They say you can never have enough pitching.
After designating Diego Castillo for assignment, the Pittsburgh Pirates worked out a trade on December 23rd with the Arizona Diamondbacks, getting right-handed pitcher Scott Randall in return.
The 24-year-old was Arizona’s seventh round pick in 2021 out of Sacramento State, 198th overall. He was ranked as the 255th best prospect by Baseball America, where they raved about his control.
Randall got his feet wet at the professional level in 2021 after being drafted. He put together a strong season this past year at High-A with the Hillsboro Hops.
In 108.1 innings, Randall posted a 3.82 ERA, with a modest strikeout rate of 23.4%. He also flashed that control, walking just 5.6%.
Randall’s best pitch is his changeup, which has been graded anywhere from above-average to a plus offering. Like left-handed pitching prospect Omar Cruz, Randall’s changeup allows the fastball to be a lot more deceptive and generate more swings and misses than you would think from a pitch that lacks velocity.
In fact, in a lot of the games I have watched, it has been the fastball which has generated more misses than any of his other pitches — a testament to his control and deception from the changeup.
Even going back to his time in Single-A last year, there wasn’t any game streamed that gave any velocity readings. Most reports have him in the low-90s with his fastball.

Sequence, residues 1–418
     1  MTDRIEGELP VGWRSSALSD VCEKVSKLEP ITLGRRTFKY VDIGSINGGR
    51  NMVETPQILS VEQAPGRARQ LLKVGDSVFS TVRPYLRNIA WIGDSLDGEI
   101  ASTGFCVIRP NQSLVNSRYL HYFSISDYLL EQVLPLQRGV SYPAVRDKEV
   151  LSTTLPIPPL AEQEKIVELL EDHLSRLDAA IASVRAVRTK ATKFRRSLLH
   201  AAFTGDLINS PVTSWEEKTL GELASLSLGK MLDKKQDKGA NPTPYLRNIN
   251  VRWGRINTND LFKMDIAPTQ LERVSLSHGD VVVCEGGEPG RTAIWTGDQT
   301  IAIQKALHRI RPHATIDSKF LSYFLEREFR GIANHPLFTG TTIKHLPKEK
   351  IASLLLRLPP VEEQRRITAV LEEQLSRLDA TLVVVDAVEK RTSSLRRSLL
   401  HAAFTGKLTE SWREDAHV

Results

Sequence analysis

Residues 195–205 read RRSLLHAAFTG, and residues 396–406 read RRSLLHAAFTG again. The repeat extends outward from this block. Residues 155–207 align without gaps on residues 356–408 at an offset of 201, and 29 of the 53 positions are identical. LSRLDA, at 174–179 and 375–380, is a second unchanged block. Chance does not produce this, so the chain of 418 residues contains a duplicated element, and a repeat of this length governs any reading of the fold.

Randall throws both a slider and curveball, neither of which really stand out from each other. When he starts to elevate the fastball and controls it well, it does help the breaking pitches perform a little better.
The two pitches can blend together at times, to the point where it may make sense down the road to focus on one pitch, and go with that.
He throws his breaking stuff against lefties mostly inside as a backfoot pitch. He’ll mainly focus on the fastball/breaking ball against righties, working away looking to get the hitters to miss.
At first glance, Randall’s stuff doesn’t really play to someone to break the century mark in strikeouts, but he has a way to make things work.
The deception he’s able to generate led to a 11.7% swinging strike rate across his 108.1 innings last year. When looking at comparable players in the Pirates system, both Osvaldo Bido and Carmen Mlodzinski had the same mark. Valentin Linarez and Travis MacGregor are also within range of Randall.
Randall’s upside seems to be a bit limited, but with the advanced changeup and breaking ball in the mix he still could end up as a backend starter.
It will be interesting to see if the swing and misses on the fastball continue as he moves up the system and faces better competition. That will really determine just how far up the ladder he can make it.
Still, based on the fact he was traded for a player that could have been lost for nothing, this is a good grab for the Pirates — even if he ends up as a rotation filler in the minors at some point.
THIS WEEK ON PIRATES PROSPECTS
Anthony began writing over 10 years ago, starting a personal blog to cover the 2011 MLB draft, where the Pirates selected first overall. After bouncing around many websites covering hockey, he refocused his attention to baseball, his first love when it comes to sports. He eventually found himself here at Pirates Prospects in late 2021, where he covers the team’s four full season minor league affiliates.